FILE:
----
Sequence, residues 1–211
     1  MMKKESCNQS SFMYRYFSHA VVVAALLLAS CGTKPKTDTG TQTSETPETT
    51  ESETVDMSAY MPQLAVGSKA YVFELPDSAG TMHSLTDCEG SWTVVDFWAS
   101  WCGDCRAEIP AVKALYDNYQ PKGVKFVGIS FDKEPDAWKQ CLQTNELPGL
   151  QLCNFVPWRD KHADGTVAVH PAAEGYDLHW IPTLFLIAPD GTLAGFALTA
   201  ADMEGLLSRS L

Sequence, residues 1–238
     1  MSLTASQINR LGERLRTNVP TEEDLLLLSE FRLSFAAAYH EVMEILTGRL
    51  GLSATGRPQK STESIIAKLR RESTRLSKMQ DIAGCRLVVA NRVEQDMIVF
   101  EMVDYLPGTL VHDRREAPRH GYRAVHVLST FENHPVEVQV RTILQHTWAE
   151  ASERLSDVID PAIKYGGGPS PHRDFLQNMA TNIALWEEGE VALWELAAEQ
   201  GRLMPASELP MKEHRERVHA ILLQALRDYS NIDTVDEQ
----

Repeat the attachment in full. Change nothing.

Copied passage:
Sequence, residues 1–211
     1  MMKKESCNQS SFMYRYFSHA VVVAALLLAS CGTKPKTDTG TQTSETPETT
    51  ESETVDMSAY MPQLAVGSKA YVFELPDSAG TMHSLTDCEG SWTVVDFWAS
   101  WCGDCRAEIP AVKALYDNYQ PKGVKFVGIS FDKEPDAWKQ CLQTNELPGL
   151  QLCNFVPWRD KHADGTVAVH PAAEGYDLHW IPTLFLIAPD GTLAGFALTA
   201  ADMEGLLSRS L

Sequence, residues 1–238
     1  MSLTASQINR LGERLRTNVP TEEDLLLLSE FRLSFAAAYH EVMEILTGRL
    51  GLSATGRPQK STESIIAKLR RESTRLSKMQ DIAGCRLVVA NRVEQDMIVF
   101  EMVDYLPGTL VHDRREAPRH GYRAVHVLST FENHPVEVQV RTILQHTWAE
   151  ASERLSDVID PAIKYGGGPS PHRDFLQNMA TNIALWEEGE VALWELAAEQ
   201  GRLMPASELP MKEHRERVHA ILLQALRDYS NIDTVDEQ